Zwick likened the issue of directors making suggestions to the marketing people to that of crew members making suggestions to directors on set. "It's very much like when I'm directing a movie," he said. "I have a job to do, and if people input me the wrong way, or at the wrong time, some very good ideas can go by the wayside. It's about when to talk to me, when to suggest it." Similarly, he said that distributors "don't have an hour's time every day for Joel Zwick, but they do have five or ten minutes for me to call and say how's it going, how many theaters, and so on. There was very little I disagreed with, obviously, because of the success, but when there was, I would put in my two cents.
"Unless you're a top A-list director who's probably also producing," he continued, "you have no power base. The only way you can get into areas that are not contractually protected by the DGA is by just basically being a nice person and playing it right. Making demands to promoters or distributors is certainly not going to get the job done. It will cut you out of the process."
Berney agreed, and said that personalities of all those involved are important: "I think distributors need to listen to the directors' input, and at the same time directors have to be open to looking at different ideas. It could be they're too focused on a certain vision, and they have to see, from a pure marketing advantage, other options.
"I think distributors generally have a bad reputation as not being inclusive, particularly at the bigger studios," he added. "My experience has been almost one hundred percent positive in trying to include directors in every aspect of the release, going back to Chris Nolan and Todd Solondz. Todd knew every theater in the country. Chris Nolan and his brother had done a website for Memento already and had ideas in terms of how it should be marketed with the website. It's personalities and how you work together."
Berney is known in the independent film world for his expert knowledge of particular exhibitors (he is himself a former exhibitor) and his fine instincts for individual films. In his current position as President of Newmarket Films, for example, he devised a release strategy for the HBO/Newmarket co-release Real Women Have Curves, directed by Patricia Cardoso, that was quite different from Greek Wedding. Free community screenings for female and Latino audiences played a part, but the release pattern itself varied from city to city. "Real Women was somewhat more of a traditional arthouse film," explained Berney. "It was platform released and review-driven. And the discovery of a new director was part of the marketing." In Los Angeles, however, the film received more of a mainstream-style release because of the city's large Latino population, opening in 30 theaters — as opposed to just two in New York. "We tried to mix it up," Berney said. The result? "Real Women started small but held in there strong every week."
One of the most unusual and eye-catching elements of Frailty's advertising campaign last spring were the endorsements by James Cameron, Sam Raimi and Stephen King which appeared in the film's print ads. Bill Paxton, making his feature directorial debut, came up with the idea after it appeared his psychological horror picture might fall victim to unfortunate timing. When the film first was screened for critics in November 2001, Paxton realized from their reactions that they would "dismiss it as just a genre piece. The press wasn't watching it very objectively. Because of the climate of the country at the time, they couldn't see the picture for what it was.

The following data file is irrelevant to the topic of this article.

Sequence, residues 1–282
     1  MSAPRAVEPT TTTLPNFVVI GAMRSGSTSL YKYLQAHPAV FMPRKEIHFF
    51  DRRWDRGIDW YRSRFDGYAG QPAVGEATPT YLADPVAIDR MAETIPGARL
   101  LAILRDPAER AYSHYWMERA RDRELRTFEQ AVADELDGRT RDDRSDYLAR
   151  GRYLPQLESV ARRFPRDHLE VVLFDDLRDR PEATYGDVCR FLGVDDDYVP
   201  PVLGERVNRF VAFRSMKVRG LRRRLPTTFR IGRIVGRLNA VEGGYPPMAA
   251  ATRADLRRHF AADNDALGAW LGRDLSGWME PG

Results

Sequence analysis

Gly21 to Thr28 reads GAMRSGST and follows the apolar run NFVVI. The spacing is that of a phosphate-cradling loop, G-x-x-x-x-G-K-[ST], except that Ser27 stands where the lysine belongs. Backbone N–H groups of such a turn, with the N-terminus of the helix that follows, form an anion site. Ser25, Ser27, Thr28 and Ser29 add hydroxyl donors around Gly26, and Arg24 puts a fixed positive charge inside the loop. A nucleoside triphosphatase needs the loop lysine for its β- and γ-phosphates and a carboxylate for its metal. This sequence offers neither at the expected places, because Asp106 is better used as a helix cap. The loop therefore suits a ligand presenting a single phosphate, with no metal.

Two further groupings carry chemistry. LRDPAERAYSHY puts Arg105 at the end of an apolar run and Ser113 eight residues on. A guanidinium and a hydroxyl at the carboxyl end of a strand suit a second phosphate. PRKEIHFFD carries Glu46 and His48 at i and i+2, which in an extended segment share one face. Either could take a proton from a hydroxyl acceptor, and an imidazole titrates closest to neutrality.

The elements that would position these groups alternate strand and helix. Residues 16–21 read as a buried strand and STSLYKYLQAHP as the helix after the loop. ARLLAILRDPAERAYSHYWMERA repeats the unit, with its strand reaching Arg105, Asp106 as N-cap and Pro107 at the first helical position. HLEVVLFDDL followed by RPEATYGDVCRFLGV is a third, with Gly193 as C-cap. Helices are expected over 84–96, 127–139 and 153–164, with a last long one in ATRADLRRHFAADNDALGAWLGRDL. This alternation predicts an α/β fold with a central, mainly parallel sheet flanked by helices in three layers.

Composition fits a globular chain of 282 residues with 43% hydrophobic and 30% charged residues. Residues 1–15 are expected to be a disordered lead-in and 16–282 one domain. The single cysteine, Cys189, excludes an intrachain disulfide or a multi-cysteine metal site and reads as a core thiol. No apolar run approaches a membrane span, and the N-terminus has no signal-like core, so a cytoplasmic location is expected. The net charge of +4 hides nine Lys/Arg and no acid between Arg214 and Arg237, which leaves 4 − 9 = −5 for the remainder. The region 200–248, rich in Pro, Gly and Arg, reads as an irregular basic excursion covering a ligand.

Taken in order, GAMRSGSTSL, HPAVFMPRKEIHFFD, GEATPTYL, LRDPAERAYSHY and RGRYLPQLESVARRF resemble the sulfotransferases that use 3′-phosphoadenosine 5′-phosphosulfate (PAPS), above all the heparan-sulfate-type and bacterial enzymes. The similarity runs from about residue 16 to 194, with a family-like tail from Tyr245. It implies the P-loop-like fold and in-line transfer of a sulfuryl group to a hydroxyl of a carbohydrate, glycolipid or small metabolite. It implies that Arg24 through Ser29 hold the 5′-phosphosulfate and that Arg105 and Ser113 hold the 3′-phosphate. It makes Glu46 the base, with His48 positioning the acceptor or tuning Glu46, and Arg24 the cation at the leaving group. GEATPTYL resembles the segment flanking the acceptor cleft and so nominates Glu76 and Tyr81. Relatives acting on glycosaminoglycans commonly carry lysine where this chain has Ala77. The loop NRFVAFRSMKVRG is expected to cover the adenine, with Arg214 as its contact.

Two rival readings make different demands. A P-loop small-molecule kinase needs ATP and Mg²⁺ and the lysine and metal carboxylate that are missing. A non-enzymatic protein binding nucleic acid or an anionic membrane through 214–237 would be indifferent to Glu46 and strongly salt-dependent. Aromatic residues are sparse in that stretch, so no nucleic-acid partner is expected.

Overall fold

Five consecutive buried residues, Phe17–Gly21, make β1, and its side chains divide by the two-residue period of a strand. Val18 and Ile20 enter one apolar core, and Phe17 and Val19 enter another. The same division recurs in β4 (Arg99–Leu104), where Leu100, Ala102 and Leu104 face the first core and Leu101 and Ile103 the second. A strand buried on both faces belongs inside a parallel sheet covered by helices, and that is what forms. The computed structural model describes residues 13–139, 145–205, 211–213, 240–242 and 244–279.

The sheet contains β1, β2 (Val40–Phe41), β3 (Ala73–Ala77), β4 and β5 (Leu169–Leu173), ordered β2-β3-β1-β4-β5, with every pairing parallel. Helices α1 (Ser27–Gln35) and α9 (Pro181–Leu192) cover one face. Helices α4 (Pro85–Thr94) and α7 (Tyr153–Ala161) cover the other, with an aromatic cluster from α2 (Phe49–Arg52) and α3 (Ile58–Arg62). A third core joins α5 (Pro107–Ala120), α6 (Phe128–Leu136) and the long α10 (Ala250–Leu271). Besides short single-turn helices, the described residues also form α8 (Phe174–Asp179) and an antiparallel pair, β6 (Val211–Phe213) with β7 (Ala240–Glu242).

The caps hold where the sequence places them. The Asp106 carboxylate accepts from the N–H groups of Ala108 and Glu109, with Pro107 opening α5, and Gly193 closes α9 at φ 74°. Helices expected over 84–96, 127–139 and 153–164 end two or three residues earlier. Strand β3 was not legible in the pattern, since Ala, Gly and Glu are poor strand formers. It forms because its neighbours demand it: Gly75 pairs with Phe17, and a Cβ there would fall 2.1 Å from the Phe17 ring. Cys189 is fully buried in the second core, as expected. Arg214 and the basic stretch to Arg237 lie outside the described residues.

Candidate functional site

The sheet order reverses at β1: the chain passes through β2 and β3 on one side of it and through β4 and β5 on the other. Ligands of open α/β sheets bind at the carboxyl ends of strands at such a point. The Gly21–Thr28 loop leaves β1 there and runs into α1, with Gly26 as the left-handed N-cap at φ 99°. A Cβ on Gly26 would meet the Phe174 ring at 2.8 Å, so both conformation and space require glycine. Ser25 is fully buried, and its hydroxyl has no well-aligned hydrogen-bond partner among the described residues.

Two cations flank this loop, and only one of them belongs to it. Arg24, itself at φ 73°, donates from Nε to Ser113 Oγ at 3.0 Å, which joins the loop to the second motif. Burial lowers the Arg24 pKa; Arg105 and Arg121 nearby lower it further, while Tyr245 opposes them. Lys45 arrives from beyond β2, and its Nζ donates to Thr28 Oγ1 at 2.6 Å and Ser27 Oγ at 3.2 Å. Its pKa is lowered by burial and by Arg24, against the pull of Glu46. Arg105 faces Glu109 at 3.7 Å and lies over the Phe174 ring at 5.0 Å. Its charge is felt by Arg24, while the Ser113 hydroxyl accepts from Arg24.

"I thought, 'I can't let my baby go out like this.' Jim Cameron and Sam Raimi had been very supportive, and had seen the picture early on, so I called them and said, 'Would it be too much to ask if you could support the picture with a quote?' They said, 'Not at all, we think this is a quality piece of work and we're glad to do it.' Then I thought, 'Well, the master of horror and suspense is Stephen King.' " Paxton called King's assistant cold and made arrangements for the author to see the film. "He wrote me back a couple of weeks later with a nice quote. I wasn't trying to preempt the critics but I need some support when the film came out." As it turned out, by the time Frailty was released in April, the tide had turned. "Enough time had gone by and suddenly it seemed like the critics were judging the film for its own merit." Still, the quotes made for a striking print ad. Paxton said that his distributor, Lions Gate, was supportive of the idea but left its execution entirely up to him.
Another headache was the one-sheet. Like Hickenlooper, Paxton had to deal with the problem of equal representation of his principal cast on the poster. "It really kills what you can do with the graphics," he said. In this case, however, since Paxton himself was one of the principals, he deleted himself from the poster and went with an image of Matthew McConaughey's face in the foreground and an ominous image of a barn in the background. "Lions Gate was very cool with that."
Indeed, Lions Gate was generally quite accepting of Paxton's ideas, but the process wasn't always easy. When Frailty's teaser played well early on, Lions Gate balked at producing a full trailer. Paxton and producer David Kirschner went ahead anyway, using leftover budget money to hire an outside company to cut one. "It turned out so well that Lions Gate decided to go forward with it," recalled Paxton.
"I was very pleased with Lions Gate," he continued. "It can be frustrating for a director, but you have to create your relationships early on with the marketing side, and be diplomatic enough not to create an adventure."